Business in Ghana

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Posts Tagged ‘Asongtaba’

Enough Said, No More. Critical News, 2nd February 2014

Posted by Business in Ghana on February 2, 2014

Sydney Casely-Hayford, sydney@bizghana.com

On 31st January it rained.  Very hard for two hours.  Accra flooded, Ashaiman changed its streets to mud lanes, ditches and potholes sucked huge gulps of aqua divine and the trotros and taxis had a field day, breaking every road rule they have been stopped from executing with the recent police controls on streets and side walks.

Ashaiman has the enviable reputation of sneezing burning tires, terrorizing their Municipal Chief Executive, Okadas and energetic youth roaming the corners, picking and fleecing inattentive visitors who don’t understand the mixed culture of the community.

I wondered though if Lord nature had found a compassionate strand for Ghana this week, whether it was tears after hearing the truth from one of its apostles, Rt. Rev. Stephen Richard Bosomtwi-Ayensu, Methodist Bishop in Obuasi, and decided to irrigate Accra, not planning, like Mayor Oko Vanderpuye for the flood prone areas.

On a pulpit at the Obuasi Black Park to his congregants and fellow priests, Reverend Bosomtwi-Ayensu simply said enough of all this mess.  He was not angry at the town folk, he was angry at President folk.  The President is slow. It’s as if he and the Government are suffering from stroke. He seems so unconcerned about our suffering. Times are so hard and life is simply unbearable. He must wake up to realities and stop sleeping on the job”. Read the rest of this entry »

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A Door Marked “Major Overhaul”. Critical News, 3rd November 2013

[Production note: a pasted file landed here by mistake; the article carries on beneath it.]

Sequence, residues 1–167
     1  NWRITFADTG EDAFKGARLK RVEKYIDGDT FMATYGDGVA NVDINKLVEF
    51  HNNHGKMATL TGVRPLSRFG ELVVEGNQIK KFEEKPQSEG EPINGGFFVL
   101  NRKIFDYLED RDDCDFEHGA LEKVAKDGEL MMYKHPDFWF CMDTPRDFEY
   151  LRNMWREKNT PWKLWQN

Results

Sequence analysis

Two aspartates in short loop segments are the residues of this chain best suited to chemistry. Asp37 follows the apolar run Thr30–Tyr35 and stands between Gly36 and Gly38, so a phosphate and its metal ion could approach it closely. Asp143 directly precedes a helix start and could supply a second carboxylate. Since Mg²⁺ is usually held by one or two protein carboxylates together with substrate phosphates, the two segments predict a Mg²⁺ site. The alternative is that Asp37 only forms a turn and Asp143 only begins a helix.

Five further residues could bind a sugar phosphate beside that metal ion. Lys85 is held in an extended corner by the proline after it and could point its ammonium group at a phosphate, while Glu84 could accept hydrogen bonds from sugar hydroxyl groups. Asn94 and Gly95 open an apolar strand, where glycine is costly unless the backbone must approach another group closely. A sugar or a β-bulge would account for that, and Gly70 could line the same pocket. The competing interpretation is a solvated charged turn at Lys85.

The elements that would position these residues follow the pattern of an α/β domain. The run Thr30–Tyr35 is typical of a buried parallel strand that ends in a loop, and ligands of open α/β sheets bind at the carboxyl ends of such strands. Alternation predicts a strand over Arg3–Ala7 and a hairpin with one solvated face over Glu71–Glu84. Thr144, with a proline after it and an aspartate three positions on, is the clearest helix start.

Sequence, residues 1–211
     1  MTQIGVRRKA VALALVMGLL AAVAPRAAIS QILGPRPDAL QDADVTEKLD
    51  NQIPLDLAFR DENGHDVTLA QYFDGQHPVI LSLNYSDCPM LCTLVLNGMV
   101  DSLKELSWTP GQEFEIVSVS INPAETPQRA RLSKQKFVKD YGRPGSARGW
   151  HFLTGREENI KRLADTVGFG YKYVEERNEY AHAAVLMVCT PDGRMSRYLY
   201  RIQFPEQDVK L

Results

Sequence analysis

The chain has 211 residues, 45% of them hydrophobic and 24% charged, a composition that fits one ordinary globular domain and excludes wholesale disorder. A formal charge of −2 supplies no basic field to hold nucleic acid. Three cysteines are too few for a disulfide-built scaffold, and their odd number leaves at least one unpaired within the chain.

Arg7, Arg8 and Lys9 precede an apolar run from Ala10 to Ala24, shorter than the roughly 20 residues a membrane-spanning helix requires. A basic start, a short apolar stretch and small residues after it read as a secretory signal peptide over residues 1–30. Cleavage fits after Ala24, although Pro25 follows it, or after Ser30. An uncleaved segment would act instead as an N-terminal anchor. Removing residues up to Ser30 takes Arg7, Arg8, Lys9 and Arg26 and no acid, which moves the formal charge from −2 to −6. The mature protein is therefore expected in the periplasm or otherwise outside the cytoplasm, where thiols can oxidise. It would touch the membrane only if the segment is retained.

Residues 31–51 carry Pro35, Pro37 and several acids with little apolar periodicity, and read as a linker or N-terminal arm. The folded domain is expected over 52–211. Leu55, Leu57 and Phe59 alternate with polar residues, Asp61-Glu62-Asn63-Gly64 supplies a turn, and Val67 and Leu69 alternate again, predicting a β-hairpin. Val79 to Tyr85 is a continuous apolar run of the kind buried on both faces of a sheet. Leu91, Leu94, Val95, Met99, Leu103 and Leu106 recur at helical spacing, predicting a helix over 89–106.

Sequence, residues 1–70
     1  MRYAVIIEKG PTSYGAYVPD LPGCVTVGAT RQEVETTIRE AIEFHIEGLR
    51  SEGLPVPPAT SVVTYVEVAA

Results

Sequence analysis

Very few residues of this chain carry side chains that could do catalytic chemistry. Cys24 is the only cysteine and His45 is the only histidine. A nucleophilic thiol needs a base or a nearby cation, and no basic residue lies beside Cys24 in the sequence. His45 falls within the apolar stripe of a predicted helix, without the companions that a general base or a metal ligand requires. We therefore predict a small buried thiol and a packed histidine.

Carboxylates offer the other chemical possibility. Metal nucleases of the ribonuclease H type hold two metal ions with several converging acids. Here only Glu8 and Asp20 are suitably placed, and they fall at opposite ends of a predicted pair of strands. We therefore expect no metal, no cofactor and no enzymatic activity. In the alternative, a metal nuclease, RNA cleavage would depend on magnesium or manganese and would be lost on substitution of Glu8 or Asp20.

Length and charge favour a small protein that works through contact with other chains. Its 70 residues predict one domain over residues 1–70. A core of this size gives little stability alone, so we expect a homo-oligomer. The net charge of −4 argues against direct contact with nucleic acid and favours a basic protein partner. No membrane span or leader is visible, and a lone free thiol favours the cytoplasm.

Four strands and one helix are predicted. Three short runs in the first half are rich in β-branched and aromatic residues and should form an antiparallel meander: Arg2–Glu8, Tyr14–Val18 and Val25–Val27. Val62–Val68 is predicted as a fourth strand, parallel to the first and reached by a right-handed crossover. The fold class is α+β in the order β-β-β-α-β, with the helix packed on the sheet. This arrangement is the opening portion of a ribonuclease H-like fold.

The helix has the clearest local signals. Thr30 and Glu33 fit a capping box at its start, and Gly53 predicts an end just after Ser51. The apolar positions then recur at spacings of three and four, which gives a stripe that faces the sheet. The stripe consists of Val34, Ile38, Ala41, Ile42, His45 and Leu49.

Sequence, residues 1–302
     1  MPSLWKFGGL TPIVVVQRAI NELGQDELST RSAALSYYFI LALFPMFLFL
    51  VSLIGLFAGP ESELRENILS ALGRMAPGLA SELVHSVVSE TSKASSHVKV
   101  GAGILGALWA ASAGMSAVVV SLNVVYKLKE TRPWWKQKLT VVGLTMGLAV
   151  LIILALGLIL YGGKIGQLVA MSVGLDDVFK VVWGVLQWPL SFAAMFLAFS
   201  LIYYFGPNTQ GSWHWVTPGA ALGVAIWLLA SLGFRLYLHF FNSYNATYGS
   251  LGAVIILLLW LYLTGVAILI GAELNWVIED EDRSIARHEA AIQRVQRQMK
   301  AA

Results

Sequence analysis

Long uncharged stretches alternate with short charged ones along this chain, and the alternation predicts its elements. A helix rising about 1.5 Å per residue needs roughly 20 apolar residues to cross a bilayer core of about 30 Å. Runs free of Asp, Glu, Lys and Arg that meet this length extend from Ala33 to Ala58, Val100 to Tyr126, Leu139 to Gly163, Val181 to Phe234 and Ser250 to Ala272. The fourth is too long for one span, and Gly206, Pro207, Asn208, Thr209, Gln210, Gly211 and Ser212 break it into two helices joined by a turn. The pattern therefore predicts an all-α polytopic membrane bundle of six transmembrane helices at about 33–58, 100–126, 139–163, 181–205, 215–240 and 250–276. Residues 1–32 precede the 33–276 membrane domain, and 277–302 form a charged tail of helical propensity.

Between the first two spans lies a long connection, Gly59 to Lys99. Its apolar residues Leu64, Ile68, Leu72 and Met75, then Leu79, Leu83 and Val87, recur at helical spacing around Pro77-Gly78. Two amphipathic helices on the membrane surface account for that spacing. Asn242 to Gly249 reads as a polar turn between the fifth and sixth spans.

Posted by Business in Ghana on November 3, 2013

Sydney Casely-Hayford, sydney@bizghana.com

This is the beginning of the most boring month in the year.  All we are doing is moving from one corruption scandal to another.  Nothing achieved, we talk, discuss, criticize, debate, analyse and get frustrated.  Our Government sits with the noise Buddhist fashion, leaves us to ruminate as if we know what we are talking about, leaves it there with us.  In spiritual parlance, we “sit with the silence”, JDM and his team “sit in jest”, waiting for time to play out as we forget the last antic and move to the next.

We just do not have redress mechanisms in Ghana to shift Government backsides into action.

I listened uneasily the other morning when the Deputy Chief at CHRAJ clearly told us CHRAJ is only beholden to itself.  Surrounded with so much fraud, it is embarrassing that Gallup should tell us we are now ranking corruption member in the recognized free press world.  3rd in pole position, and that was in early 2012.

The City and Country Waste judgment debt case, which is threatening to make Accra Mayor Vandepuye a Metropolis eunuch, is an unfortunate example of how helpless we are in the face of Ghana Corrupt Inc. Read the rest of this entry »

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To Join A Corruption Cult. Critical News, 28th July 2013

Posted by Business in Ghana on July 28, 2013

Sydney Casely-Hayford, sydney@bizghana.com